For a year or so, I have been receiving the expat email bulletin from My British friends have admonished me about this source of information, and yes I KNOW THE GUARDIAN IS TEN TIMES BETTER! In fact, the latter updated their website not too long ago and it is quite spiffy-looking, so I highly recommend it for quality reading.

But for a mix of legitimate news and plenty of "oh yuk" and "gosh, really?" stories, The Telegraph is just great. It also offers a lot of high-hope-inducing headlines, like these National Cultural Profiles.

"National Cultural Profiles are your guide to the thinking patterns of all the world's major cultures. The resource is taken from the CultureActive cultural web programme, which is used by corporations, governments and non-government organisations."

The CultureActive program is available by subscription only, and I can only hope its information is more complete than the excerpts provided by the Telegraph:

"The Chinese truly believe that they possess a huge store of positive traits, which makes them superior to others..."

"Finnish manners in general are characterised by reserve, reticence and modesty. The sauna is a place where they relax and become more talkative."

"The French believe that they are intellectually superior to any other nationality."

"Senior Saudis, though benign, often adopt a moralistic tone to younger Westerners..."

"Greece is a tactile culture..."

Hmmm, I didn't realize "Greece" was a culture. It looks like both the journalism and the writing could use a little improvement on this piece!

Sunday, February 17, 2008

Love emails, anyone? Everyone?

Is anybody surprised to learn that the art of writing love letters is on the wane?

I wonder -- all right, I'm downright curious -- just how long-distance romances are managed in the age of Web 2.0. I'm sure some of you out there could tell me a thing or two.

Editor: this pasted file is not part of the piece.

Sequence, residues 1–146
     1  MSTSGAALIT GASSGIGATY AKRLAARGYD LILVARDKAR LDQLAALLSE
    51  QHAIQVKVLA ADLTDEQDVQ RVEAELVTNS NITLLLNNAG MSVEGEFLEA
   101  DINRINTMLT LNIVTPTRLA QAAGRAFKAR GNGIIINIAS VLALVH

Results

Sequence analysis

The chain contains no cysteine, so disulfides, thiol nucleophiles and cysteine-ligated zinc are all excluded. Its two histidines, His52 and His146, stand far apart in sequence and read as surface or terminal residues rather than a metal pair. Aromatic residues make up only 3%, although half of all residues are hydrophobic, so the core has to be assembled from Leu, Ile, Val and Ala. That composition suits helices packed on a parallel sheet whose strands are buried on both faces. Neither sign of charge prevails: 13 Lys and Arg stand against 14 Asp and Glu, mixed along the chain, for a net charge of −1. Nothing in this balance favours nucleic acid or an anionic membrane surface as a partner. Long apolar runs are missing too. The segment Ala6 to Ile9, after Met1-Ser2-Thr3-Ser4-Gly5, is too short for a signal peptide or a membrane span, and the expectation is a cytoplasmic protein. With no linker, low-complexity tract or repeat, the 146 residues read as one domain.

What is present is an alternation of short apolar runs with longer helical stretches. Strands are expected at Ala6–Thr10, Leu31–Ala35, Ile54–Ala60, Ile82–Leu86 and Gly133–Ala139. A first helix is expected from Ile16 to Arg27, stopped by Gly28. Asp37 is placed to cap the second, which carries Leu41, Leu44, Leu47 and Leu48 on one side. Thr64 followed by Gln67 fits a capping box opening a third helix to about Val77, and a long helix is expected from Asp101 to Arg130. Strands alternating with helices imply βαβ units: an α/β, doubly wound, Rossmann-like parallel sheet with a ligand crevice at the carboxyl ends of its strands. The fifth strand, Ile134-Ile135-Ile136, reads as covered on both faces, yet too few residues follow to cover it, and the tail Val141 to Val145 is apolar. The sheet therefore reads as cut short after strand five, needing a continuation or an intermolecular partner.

Of course lovers can now stay in real-time touch with their distant soulmate. They can use Skype to chat free -- no more sinking realizations that their long-distance love conversation just cost about $20.00.

But what has really replaced the old-fashioned love letter: the letter written solely for the purpose of expressing romantic feelings, the letter lovers used to carry around in their purse or pockets, the letter that can still spark a wave of passion when found in a box tucked away in the attic?

Do emails really cut it for this purpose?

(Inspired by Valentine's Day, this post was written last Sunday and modified to submit to Sunday Scribblings, which announced the prompt of "Passion" Sunday February 24th. Click here to read more passionate posts.)

Saturday, February 09, 2008

Take this country; come take me home again

"Now I've been happy lately, thinking about the good things to come
And I believe it could be, something good has begun
Now I've been happy lately, thinking about the good things to come
And I believe it could be, something good has begun..."

Hey, these are the restuls of the caucuses in my home state (Washington) and I'm proud of them!

Barack Obama

Hillary Rodham Clinton

Or, as my friend Dan from the Empathic Rationalist put it in the conclusion of his eloquent post Spring Fever:

"Obama and I pine for the day when we Democrats will enjoy the kind of renaissance that the Republicans enjoyed with Reagan. Republicans were optimistic. They were bold enough to dream big dreams. They got together in spiritual communities and spoke about social change. They took to the airwaves spreading their ideas. They realized how easy it is to influence Congress with orchestrated letter writing campaigns. And above all else, they realized the benefits of unity.